For the person field we will have to create a new type:

input PersonInput {
  name: String!
  address: String
}

Notice, that the address definition does not end with an exclamation mark !. This is meant to show how to define optional fields. In that case you can either omit the address or submit it using a null value.

Both, the source enumeration and the PersonInput can either be defined directly inside the schema/record.graphqls file or in new files. This is completely up to you.

The final RecordInput could look something like this:

input RecordInput {
  id: ID!
  sourceID: Int!
  source: Source!
  person: PersonInput!
}

Now that the RecordInput is defined, it is an easy task to apply the changes to the Record:

type Record {
  id: ID!
  sourceID: Int!
  source: Source!
  person: Person!
}

type Person {
  name: String!
  address: String
}

Notice, that also the PersonInput must be copied!

# SearchParams

The type SearchParams lets you define which fields can be used during a search query. You can find its definition in schema/search.graphqls..

The default type definition is again just for demonstration purposes and looks like this:

input SearchParams {
  myCustomField: String!
}

Again it is up to you to decide how a search is supposed to look like. Using the previously defined model for the record, you might e.g. provide the possibility to search using the name and the address. In that case you could alter the SearchParams to either use the existing PersonInput type, define a new type PersonSearchInput or just provide the relevant fields directly in the SearchParams.

Option 1: reuse existing type:

input SearchParams {
  person: PersonInput!
}

Option 2: define a new type:

input PersonSearchInput {
  name: String!
  address: String
}

input SearchParams {
  person: PersonSearchInput!
}

Option 3: provide only relevant fields:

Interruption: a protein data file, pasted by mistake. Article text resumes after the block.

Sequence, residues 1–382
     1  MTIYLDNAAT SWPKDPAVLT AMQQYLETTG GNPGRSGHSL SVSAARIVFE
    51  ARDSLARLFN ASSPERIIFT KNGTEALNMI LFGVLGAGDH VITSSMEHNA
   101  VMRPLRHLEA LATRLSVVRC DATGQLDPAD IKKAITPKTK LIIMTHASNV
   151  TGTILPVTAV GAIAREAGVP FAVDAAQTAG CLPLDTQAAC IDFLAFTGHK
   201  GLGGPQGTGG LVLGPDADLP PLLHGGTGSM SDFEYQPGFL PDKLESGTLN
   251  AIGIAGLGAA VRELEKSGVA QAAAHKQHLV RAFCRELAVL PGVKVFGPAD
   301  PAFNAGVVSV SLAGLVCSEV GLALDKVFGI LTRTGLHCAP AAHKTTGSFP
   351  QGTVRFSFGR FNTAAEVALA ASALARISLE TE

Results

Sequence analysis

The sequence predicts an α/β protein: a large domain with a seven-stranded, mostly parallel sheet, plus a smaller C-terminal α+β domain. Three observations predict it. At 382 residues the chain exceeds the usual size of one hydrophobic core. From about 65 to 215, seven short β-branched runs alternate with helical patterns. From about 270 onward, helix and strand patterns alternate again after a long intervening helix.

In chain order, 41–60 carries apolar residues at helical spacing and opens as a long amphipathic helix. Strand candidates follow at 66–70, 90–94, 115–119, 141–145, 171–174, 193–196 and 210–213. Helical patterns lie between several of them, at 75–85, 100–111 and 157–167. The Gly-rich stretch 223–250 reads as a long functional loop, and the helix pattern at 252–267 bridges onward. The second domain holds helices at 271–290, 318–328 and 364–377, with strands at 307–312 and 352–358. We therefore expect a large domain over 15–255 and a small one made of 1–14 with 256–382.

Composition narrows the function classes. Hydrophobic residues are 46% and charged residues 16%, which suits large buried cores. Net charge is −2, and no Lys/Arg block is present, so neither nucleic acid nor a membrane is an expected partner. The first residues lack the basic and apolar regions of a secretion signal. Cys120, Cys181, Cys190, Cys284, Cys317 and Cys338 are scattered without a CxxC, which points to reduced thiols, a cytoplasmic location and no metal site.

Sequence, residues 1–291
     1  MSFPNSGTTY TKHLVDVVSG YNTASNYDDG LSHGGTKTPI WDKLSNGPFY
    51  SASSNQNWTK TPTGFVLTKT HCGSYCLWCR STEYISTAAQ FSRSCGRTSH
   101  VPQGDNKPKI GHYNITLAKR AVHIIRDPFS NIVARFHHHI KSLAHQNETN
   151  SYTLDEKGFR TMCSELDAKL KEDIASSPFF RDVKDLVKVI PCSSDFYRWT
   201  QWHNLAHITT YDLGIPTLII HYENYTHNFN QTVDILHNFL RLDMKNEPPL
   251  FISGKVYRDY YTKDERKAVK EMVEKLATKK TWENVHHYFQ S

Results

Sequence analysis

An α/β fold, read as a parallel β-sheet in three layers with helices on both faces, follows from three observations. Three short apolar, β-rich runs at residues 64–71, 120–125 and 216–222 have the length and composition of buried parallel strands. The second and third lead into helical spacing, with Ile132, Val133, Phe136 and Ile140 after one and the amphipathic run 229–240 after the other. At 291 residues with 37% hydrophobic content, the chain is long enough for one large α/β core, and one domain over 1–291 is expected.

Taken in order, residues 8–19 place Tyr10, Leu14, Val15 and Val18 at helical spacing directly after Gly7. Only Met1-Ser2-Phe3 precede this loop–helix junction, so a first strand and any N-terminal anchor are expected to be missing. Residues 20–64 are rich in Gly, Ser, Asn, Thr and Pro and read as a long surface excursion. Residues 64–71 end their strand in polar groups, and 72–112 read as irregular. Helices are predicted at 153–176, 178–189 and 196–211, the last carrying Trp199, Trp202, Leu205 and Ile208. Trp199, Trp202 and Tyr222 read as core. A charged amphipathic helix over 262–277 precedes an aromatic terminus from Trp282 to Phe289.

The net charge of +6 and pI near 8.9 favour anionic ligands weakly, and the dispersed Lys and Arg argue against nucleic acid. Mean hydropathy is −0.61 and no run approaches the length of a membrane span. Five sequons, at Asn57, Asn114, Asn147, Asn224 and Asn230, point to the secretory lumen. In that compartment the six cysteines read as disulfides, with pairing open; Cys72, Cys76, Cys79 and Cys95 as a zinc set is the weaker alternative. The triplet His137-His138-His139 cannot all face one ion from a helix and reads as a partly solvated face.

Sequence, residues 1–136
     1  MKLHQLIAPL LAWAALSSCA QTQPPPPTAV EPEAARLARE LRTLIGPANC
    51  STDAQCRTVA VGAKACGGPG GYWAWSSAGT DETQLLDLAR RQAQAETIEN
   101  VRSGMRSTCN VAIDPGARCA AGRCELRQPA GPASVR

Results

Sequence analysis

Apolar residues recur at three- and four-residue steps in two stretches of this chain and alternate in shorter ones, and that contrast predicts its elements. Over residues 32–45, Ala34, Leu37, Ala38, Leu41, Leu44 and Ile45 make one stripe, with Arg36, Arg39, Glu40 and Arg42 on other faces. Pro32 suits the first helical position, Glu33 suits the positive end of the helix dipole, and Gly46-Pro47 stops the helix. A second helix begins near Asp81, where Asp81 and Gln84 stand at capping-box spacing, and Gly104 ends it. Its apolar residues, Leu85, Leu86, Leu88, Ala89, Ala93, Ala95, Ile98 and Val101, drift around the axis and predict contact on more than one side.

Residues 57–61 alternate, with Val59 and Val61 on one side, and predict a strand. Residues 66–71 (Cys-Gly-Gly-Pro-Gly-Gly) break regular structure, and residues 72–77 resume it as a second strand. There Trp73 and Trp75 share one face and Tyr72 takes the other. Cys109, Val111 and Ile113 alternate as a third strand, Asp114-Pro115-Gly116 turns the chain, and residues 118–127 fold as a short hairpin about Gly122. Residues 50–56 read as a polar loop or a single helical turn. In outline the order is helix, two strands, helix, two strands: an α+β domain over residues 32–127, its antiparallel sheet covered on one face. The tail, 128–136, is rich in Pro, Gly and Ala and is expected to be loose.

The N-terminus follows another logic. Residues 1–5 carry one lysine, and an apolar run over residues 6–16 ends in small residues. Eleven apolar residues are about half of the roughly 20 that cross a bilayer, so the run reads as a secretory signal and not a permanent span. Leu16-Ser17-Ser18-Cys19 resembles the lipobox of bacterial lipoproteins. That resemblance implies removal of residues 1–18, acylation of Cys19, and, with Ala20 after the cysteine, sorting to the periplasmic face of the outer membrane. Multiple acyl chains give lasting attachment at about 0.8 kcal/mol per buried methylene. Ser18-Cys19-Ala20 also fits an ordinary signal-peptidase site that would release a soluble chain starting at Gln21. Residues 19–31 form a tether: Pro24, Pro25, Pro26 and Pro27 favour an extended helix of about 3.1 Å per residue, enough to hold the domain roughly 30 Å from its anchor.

input SearchParams {
  personName: String!
  address: String
}

Note, that the field names do not have to be equal to the field names as they were defined in the PersonInput. In most cases option two or three are the preferable, because they can evolve independently from the RecordInput, e.g. the PersonInput might introduce a new field dateOfBirth which is not relevant for the search.

Also note, that in order to use the fields defined in the SearchParams they must be used in the search rules configuration.

# Default Scalars

GraphQL comes with a list of default types, so called scalars. Additionally a few more scalars are available when enabling them in the schema.

The default scalars can be found in the official documentation.

Additional scalars can be enabled by putting the relevant definition into any of your schema files, e.g. into schema/scalars.graphqls (does not exist by default).

scalar Time

scalar Map

scalar Any

In some cases you may want to define your own scalar types.

# Advanced Configuration

The following examples are more advanced, because they require small changes or additions in the generated source code.

# Diverging Record and RecordInput

Defining the structure of Record and RecordInput independently seems very annoying at first. However, it provides great possibilities to evolve the underlying data model from the query model. Maybe you would like to return certain available data only in an aggregated form or you would like to enrich data that is stored in another system. There are probably limitless amounts of reasons, why you might need this.